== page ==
Migraine And Headache
The co-presentation of headache at stroke onset in children may provide clues to underlying pathophysiologic mechanisms.
Persistent asthma was found to be associated with an increased frequency of migraine.
Migraine in pregnancy may warrant early referral to a neurologist and more intensive surveillance as a result of increased adverse birth events.
The use of combined hormonal contraceptives significantly increases the risk of ischemic stroke in women with migraine with aura but not in women with migraine without aura.
Migraine affects approximately 20% of the general population and is associated with an increased risk for ischemic stroke.
Cognitive behavioral therapy provides sustained relief from pediatric migraine with few to no adverse effects.
A follow-up study revealed the benefits of sphenopalatine ganglion stimulation for the prevention of cluster headache attacks.
Men with low serum vitamin D levels had significantly increased odds of headache compared with those who had normal levels.
While likely a placebo effect, spinal manipulation may be an option for patients with migraine refractory to treatment.
Glucocorticoids are often prescribed to RCVS patients either due to a misdiagnosis of PACNS, or fear of missing PACNS.
Cold and clammy hands and feet were common among pediatric patients with tension-type headache.
Even a single occurrence of emotional abuse during childhood predisposes an individual to migraine.
Migraine was more significantly associated with pain or muscle soreness than anxiety disorders in patients with depression.
Recovery time varies depending on which class of medication the patient is overusing.
Patients with tension-type headaches had a significantly higher prevalence of anxiety and depression.
Sixty and 35% of patients achieved a 30 and 50% reduction in headache days.
Andrew Hershey, MD, PhD, FAHS, Endowed Chair and Co-Director, Cincinnati Children's Headache Center discusses the multidisciplinary approach to treating pediatric headache.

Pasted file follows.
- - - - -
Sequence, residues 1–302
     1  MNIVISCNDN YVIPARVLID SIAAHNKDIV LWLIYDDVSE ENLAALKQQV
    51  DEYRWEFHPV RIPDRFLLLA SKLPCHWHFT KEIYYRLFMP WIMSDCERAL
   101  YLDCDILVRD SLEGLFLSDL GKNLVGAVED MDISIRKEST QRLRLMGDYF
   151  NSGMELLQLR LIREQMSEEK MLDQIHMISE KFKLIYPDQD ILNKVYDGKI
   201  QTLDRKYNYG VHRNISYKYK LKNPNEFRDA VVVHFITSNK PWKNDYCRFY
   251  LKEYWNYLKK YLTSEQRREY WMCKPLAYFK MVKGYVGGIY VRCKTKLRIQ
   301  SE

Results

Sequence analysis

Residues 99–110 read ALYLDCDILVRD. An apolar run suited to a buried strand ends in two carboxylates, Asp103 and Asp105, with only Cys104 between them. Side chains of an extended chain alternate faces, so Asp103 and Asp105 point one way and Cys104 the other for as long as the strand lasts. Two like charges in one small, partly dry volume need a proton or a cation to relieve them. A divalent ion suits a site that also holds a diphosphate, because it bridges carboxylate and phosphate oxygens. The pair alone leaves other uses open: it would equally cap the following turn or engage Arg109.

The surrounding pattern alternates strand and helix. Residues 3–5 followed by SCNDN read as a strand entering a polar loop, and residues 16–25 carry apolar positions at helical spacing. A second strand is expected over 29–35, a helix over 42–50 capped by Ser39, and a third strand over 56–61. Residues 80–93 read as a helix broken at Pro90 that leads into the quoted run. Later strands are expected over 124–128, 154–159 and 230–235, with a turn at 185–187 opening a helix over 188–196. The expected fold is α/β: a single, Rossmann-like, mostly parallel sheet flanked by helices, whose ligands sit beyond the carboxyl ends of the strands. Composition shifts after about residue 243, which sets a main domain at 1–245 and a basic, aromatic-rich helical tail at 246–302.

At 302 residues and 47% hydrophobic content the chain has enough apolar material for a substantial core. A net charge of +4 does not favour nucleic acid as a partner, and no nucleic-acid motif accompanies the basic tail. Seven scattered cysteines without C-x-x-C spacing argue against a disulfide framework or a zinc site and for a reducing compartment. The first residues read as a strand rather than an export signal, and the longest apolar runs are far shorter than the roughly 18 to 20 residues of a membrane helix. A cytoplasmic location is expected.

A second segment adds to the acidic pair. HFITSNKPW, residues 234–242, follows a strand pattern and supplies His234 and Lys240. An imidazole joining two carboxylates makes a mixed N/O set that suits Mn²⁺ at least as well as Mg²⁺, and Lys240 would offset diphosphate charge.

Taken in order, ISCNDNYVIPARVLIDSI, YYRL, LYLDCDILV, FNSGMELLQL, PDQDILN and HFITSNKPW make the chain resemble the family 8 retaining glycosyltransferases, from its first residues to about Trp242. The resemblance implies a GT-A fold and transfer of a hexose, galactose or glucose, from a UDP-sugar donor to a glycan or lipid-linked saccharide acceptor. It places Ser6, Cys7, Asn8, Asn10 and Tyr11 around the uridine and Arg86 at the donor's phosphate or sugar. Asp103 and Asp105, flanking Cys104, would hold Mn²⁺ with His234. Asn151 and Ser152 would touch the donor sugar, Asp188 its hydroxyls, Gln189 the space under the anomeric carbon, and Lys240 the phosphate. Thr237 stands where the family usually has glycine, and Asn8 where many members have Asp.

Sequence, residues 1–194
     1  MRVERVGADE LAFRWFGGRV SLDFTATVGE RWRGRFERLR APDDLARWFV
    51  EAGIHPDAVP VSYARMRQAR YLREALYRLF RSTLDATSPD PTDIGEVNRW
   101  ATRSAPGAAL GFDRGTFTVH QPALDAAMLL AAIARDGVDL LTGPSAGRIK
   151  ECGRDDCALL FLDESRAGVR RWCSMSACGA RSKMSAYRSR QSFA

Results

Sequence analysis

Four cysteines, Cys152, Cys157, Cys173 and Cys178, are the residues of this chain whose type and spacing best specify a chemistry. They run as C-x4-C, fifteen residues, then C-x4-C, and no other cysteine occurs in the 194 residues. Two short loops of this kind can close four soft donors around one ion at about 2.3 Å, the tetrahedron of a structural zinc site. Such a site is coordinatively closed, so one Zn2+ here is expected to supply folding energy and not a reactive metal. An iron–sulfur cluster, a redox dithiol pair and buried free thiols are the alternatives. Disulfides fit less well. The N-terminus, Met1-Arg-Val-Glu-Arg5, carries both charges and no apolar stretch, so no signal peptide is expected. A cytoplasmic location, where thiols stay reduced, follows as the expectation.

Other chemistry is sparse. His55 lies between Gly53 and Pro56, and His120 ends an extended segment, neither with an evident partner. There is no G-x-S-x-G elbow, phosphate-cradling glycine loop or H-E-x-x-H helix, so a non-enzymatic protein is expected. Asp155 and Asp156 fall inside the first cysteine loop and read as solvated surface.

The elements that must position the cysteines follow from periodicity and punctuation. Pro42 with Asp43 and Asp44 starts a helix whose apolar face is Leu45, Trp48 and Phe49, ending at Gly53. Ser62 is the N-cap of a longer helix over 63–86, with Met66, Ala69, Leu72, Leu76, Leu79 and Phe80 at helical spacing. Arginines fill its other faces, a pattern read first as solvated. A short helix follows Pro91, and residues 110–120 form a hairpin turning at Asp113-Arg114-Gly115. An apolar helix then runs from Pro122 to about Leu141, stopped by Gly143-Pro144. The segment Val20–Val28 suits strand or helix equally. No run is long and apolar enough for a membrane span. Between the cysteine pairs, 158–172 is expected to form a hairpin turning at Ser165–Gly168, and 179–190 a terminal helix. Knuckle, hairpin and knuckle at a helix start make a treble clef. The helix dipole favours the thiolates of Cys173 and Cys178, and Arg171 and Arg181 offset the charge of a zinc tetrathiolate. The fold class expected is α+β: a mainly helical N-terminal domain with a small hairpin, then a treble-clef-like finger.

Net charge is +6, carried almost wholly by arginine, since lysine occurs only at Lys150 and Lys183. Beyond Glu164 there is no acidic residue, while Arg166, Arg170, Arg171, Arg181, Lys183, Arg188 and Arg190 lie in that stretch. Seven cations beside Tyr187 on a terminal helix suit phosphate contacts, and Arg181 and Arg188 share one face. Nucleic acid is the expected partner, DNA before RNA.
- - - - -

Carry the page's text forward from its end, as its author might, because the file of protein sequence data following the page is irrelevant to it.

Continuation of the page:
No significant difference in reduction of headache days was observed between the treatment groups and placebo.
As the treatment is currently used off-label, optimal dosing has not yet been established.
The study results suggest that headaches are a growing burden on patients and the health care system.
Eighty-one percent of patients deemed ziprasidone effective in reducing migraine severity.
Migraine sufferers had significantly higher amounts of nitrate-reducing microbes than those without migraines.
The 6 mg dose will remain available.
Acupuncture, neurostimulation, and other alternative treatments have been associated with up to a 50% reduction in headache days.
Abstinence from caffeine was independently associated with excellent acute treatment efficacy.
Two studies on the therapy were presented at the American Heart Association's Council on Hypertension 2016 Scientific Sessions.
Combined treatment approaches are more beneficial than single approaches for chronic pain conditions like migraine.
A 30% or greater decline in mean monthly moderate-to-severe headache days was met by 45.3 % (n=24) of patients treated with occipital nerve stimulation.
The drug's pediatric exclusivity expires in March 2017.
Clinicians need to remain vigilant when prescribing tramadol, as its concurrent use with opioids poses a risk of serotonin toxicity.
Neurology Advisor Articles
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- Addressing Gender Differences in Concussion Diagnosis and Treatment
- Relapsing-Remitting Multiple Sclerosis Halted With Immunosuppression, Stem Cell Transplant
- Maternal Antiepileptic Use and Risk for Major Congenital Malformations in Offspring
- In Stroke, No Clear Benefit for Head Positioning